Lois, being practical and thrifty, would have settled for an economical vehicle with a good service record as reported by Consumer Reports. But not, it seems, Val. She had brought home several car enthusiast magazines and been talking up sporty models, such as the Camaro and the Mustang. Lois didn't cotton to the Camaro, but admitted the Mustangs were snazzy. So, we found ourselves at the local Ford dealer climbing into a dark green, convertible, V8 Mustang. Lois put her foot down. Fun! We put the top down. More fun!! After a day of shopping around and driving other cars, we were back at the Ford dealer to buy that green Mustang. Lois named her Beatrice and we still have her. Good car. But that was only the beginning of the rest of the trouble.
I drove her from time to time and liked the power. I had never had a "fun" car before. Val must have noticed, because she started pointing me to the articles about Corvettes in her car mags. Pretty soon, she and I were discussing how much fun we could have in a Vette. Several months later, I bought a really pretty, white 1989 Vette with a red interior. I named him Yeti because, despite all his great features, he was an abominable snow car.
This is where the real trouble begins. I went looking on the Internet for somewhere I could let Yeti run. I found it: Summit Point Raceway in West Virginia, a 10 turn road course where they have something called Friday At The Track (FATT). FATTERs get to take their street cars out onto the race track with an instructor who shows them how to hustle the car faster and faster through the turns and down the straights. Yeti loved it. I was as bad at first on the track as he was in the snow. But persistence pays off. After about 8 FATTs, I was getting the hang of it. A fellow who had described me on my first day as, "Driving like Grandma" came up and said I "Looked pretty good out there. Almost like a racer." But of course, FATT is only practice, not real wheel-to-wheel racing.
Yeti and I spent three seasons going to FATT and similar events. But it was a rough life for the Vette. After several crashes and much time in the body shop, Yeti caught fire one day on the track and burned to a hulk. I was very sad, but undeterred by the crashes or the fire.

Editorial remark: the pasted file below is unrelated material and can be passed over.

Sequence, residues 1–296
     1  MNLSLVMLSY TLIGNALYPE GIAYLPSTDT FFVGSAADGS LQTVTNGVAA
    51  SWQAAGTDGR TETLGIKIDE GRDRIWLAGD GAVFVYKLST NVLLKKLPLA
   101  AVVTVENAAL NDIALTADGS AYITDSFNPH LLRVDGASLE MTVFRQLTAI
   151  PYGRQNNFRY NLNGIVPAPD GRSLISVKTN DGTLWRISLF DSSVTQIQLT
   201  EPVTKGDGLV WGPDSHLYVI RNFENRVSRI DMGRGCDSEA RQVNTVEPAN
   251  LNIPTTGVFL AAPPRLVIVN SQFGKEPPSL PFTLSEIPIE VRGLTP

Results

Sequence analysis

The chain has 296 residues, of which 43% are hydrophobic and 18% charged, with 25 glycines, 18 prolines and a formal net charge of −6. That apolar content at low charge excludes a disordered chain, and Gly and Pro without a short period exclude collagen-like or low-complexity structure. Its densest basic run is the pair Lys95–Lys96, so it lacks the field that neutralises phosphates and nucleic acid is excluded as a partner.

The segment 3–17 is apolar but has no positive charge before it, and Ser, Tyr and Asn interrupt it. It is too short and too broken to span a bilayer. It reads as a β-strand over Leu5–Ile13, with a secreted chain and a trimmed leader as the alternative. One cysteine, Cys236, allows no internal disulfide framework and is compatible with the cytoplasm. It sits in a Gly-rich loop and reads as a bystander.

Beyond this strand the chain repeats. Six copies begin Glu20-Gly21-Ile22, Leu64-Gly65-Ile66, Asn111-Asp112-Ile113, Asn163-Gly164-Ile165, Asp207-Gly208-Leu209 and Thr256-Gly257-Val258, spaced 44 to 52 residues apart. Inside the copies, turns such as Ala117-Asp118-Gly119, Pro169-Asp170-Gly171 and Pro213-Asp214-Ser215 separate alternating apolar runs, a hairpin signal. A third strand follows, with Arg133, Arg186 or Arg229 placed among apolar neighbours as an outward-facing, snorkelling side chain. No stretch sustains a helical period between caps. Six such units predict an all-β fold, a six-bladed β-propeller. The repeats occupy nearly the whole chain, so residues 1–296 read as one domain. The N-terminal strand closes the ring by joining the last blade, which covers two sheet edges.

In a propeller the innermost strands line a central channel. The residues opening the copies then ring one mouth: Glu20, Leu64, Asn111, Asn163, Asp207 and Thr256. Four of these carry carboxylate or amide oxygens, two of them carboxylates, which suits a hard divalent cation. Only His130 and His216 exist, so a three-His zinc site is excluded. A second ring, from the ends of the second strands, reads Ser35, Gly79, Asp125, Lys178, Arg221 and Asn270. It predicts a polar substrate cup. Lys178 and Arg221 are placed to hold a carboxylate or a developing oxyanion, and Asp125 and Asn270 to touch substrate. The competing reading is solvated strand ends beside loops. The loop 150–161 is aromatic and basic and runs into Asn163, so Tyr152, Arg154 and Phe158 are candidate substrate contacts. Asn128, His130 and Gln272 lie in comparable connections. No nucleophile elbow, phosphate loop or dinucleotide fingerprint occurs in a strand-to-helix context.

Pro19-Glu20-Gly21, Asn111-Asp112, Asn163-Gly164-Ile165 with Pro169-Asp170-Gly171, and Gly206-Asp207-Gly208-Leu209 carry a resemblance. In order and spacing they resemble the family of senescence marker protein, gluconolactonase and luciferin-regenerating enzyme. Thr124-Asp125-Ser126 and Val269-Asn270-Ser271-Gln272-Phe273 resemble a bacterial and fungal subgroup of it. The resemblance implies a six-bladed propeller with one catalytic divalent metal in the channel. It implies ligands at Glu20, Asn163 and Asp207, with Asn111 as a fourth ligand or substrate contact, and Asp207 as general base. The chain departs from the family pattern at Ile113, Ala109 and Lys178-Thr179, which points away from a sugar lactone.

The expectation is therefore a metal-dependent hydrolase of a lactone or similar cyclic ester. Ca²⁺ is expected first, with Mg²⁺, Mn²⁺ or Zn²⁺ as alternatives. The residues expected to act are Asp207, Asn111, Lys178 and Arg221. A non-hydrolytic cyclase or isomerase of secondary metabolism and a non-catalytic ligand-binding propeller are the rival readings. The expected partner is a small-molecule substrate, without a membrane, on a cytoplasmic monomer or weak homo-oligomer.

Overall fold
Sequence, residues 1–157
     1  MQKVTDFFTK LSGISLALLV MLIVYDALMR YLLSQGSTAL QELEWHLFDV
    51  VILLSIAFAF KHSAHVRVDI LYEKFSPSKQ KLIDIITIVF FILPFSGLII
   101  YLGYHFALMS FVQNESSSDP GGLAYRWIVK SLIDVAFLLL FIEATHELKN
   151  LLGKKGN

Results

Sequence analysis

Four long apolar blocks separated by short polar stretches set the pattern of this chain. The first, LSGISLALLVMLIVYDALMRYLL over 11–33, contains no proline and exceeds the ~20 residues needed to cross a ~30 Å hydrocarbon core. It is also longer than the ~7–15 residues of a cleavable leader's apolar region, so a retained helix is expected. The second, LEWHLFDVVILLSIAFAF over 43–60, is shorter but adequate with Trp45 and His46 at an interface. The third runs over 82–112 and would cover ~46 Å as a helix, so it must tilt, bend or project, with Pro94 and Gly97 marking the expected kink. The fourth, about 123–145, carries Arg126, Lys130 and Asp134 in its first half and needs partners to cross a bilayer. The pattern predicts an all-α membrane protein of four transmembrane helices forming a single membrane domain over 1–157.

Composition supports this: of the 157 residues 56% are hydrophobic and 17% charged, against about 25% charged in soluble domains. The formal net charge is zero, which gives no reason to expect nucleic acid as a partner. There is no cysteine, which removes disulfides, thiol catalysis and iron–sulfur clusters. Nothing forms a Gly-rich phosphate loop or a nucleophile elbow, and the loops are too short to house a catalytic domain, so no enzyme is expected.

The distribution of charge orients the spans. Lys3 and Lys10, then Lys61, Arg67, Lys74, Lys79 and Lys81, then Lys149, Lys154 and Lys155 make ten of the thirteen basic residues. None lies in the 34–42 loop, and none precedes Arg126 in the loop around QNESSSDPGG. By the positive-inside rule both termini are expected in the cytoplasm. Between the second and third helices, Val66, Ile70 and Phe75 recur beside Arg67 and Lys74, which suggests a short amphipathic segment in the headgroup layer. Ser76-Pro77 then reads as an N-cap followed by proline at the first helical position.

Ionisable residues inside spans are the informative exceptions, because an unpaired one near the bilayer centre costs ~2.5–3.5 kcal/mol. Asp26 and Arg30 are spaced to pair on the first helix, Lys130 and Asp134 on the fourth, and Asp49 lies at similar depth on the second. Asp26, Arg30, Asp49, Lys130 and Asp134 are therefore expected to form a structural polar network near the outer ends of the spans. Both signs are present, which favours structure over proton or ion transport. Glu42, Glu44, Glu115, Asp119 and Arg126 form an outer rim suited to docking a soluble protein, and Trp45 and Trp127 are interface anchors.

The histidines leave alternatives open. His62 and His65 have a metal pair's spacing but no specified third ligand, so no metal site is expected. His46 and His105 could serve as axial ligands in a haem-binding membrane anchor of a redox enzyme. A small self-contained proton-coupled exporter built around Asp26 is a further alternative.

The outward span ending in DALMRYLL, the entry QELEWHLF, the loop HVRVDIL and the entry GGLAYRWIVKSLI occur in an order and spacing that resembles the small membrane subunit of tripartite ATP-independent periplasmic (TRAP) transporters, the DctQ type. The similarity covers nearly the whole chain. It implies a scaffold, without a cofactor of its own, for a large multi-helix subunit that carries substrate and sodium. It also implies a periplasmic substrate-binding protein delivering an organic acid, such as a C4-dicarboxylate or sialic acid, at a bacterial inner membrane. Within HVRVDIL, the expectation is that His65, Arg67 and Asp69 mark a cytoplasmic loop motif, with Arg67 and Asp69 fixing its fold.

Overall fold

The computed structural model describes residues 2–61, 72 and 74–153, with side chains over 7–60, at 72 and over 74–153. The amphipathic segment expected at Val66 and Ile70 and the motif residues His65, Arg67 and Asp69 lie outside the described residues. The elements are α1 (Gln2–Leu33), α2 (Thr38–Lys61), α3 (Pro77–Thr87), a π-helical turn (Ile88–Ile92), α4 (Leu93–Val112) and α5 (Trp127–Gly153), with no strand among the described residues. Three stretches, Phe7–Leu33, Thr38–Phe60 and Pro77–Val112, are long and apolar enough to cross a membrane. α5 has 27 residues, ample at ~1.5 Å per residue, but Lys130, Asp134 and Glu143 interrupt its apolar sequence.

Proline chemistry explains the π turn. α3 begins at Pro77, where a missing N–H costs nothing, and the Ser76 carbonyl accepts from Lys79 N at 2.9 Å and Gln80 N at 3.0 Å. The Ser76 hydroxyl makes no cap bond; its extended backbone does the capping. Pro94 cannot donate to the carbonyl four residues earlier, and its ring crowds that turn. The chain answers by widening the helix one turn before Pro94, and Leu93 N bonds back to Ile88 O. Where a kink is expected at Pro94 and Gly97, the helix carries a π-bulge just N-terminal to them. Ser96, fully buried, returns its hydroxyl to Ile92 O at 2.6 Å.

Two weeks later, I had acquired a 1997 Miata and a plan to convert it into a real race car and go wheel to wheel racing with the Sports Car Club of America. I spent most of the summer of 2002 doing the conversion: stripping out unnecessary stuff (e.g., A/C, power steering, interior, soft top, etc.) and installing roll cage, racing seat, stiff suspension, hard top, kill switch, and more. My single bay car port beside my suburban house served as my race shop. My neighbors were very understanding. I did the whole conversion myself and was I thrilled when the car passed technical inspection and was ready for my two required racing schools. I did both schools in the fall and got my racing license.
I have spent many weekends over the last five years racing at Summit Point, Watkins Glen, Virginia International Raceway and other East coast tracks. I do almost all the maintenance and repair work (necessitated by the occasional crash) myself, still in my car port. I'm a mid pack driver who does it for the sheer fun of wheel to wheel competition. When I am on the track dicing with another car, it just doesn't matter if it is for 7th or 27th place. Its just pure fun, if a bit scary. Sure, when I get back to the paddock, climb out of the car, drink some Gatorade and walk over to look at the result sheet, I always wish I had been just a little faster and finished just a bit higher. But the real reward is the doing of it.
My renewed interest in rock climbing has curtailed my racing this past season. Recently the County building inspector threw up another impediment to my racing in the form of an order to remove my race car from the premises. It seems vehicles not registered for the road are not permitted to be kept in my too spiffy neighborhood. But now that I have retired, I am hoping to overcome this hurdle and do a lot of racing and climbing.
And what about Valerie, who started this thing going? She has graduated from the University of Pennsylvania where, in addition to earning a degree in economics, she lettered all four years in crew and was chosen an All American. But, all is not lost. I think I may get her into the racing game yet. I took her riding in the race car on a practice day at the track a couple of years ago. After several sessions where I was pushing the car pretty hard. I asked her what she thought. Now, everyone else to whom I have given race car rides says something like, "Oh my god! That was incredible. How do you do it?" But Val just looked at me and said in a bored sort of voice, "That was OK, but I wish we had spun out. I wanted to see what a spin feels like." Gotta love her.
Photos: Top - Yeti at FATT. Bottom: Bill racing the Miata at Virginia International Raceway.